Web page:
This would make it worth reading for fans of the field. What really makes the book stellar is how much conventional wisdom the papers break. Group code review is a waste of time. Open plans are (sometimes) more productive than private offices. Up-front architecture beats extreme programming. And copy-paste sometimes beats DRY. Of course, you're free to argue with any conclusions you disagree with. Every paper helpfully includes the threats to validity, so you know the weaknesses and limitations of the paper. But we have to be careful when doing so, because we're the ones without evidence.
If you are at all interested in the empirical side of software engineering, you should read this book. 0 out of 5.
The editors of this book do a great job of explaining what we can and can not expect from research. They also adopt a very pragmatic mindset, taking the point of view that appropriate practice is highly contextual. Research can provide us with evidence, but not necessarily conclusions.
Beyond the philosophical underpinnings, 'Making Software' outlines research results in a variety of areas. It gives you plenty to think about when considering various approaches on your team. The chapter 'How Effective is Modularization?' is worth the price of the book alone.
I recommend this book for anyone who wants to learn how to think rigorously about practice.
Making Software presents to each chapter a good experience for software industry and professionals in this area.
I recomend it for academics and professionals.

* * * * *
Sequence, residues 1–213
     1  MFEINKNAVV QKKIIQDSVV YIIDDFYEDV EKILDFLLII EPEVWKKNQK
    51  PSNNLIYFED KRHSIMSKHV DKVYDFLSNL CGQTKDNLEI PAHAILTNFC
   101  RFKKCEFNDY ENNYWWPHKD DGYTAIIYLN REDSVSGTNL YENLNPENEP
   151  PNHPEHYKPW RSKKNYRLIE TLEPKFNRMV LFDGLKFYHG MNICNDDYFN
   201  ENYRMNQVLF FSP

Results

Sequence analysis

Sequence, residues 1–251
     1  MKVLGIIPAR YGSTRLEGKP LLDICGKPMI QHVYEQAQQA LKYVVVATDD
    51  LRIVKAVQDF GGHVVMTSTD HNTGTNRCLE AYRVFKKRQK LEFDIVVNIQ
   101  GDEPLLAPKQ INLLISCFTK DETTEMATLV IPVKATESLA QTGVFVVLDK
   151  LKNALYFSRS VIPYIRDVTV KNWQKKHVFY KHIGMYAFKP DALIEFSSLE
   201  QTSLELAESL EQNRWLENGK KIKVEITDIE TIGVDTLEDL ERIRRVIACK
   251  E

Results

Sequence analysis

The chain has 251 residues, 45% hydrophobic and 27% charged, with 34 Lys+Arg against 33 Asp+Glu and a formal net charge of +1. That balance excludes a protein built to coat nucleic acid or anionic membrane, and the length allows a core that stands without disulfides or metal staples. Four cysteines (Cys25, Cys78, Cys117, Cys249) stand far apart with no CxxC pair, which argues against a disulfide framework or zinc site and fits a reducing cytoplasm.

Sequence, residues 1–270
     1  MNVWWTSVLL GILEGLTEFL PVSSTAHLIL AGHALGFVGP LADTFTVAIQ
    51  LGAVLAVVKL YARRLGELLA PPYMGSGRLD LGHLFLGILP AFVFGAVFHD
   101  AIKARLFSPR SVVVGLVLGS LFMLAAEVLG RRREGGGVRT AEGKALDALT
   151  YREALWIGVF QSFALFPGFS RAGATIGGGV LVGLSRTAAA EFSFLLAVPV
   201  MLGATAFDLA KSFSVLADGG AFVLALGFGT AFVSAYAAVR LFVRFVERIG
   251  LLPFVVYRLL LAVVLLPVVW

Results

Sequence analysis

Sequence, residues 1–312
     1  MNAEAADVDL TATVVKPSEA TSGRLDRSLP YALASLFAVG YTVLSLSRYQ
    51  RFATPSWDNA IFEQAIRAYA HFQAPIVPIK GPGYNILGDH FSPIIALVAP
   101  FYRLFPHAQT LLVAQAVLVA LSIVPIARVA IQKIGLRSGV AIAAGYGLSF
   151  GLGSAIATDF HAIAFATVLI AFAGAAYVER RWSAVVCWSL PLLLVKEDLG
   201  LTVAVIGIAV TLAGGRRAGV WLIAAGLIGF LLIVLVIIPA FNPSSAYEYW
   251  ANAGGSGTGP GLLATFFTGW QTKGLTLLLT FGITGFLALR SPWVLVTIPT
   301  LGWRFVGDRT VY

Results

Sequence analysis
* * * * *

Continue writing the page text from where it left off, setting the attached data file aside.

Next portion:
The kindle version of this book is very sloppy. We'll start at the beginning; the table of contents is needlessly indented. I consider indenting content that crosses several pages questionable in any occasion. This makes it even longer than it already is because chapter titles now often need two instead of one line. The book has links to the chapters, but counting that as an advantage in a digital version is like praising page numbers in a hard copy.
The book also offers links to references, but these sometimes span entire paragraphs or pages instead of just the author and year. This also happens to other links throughout the text.
Tables are not properly adjusted for the kindle, last characters of words are on new lines, columns headers are on the previous page, and sometimes columns are just cut off forcing you to decrease the font size. That shouldn't happen at the default font size. Chapter 12 includes an example of all of these.
Now that we're discussing chapter 12; the Clinical TDD Trial References are placed under a bibliography header on the next page instead of under that header (where they belong, as verified with a hard copy). This leaves a blank page. All other chapters have a single references header that avoids this problem.
The book is readable, but it's a very sloppy.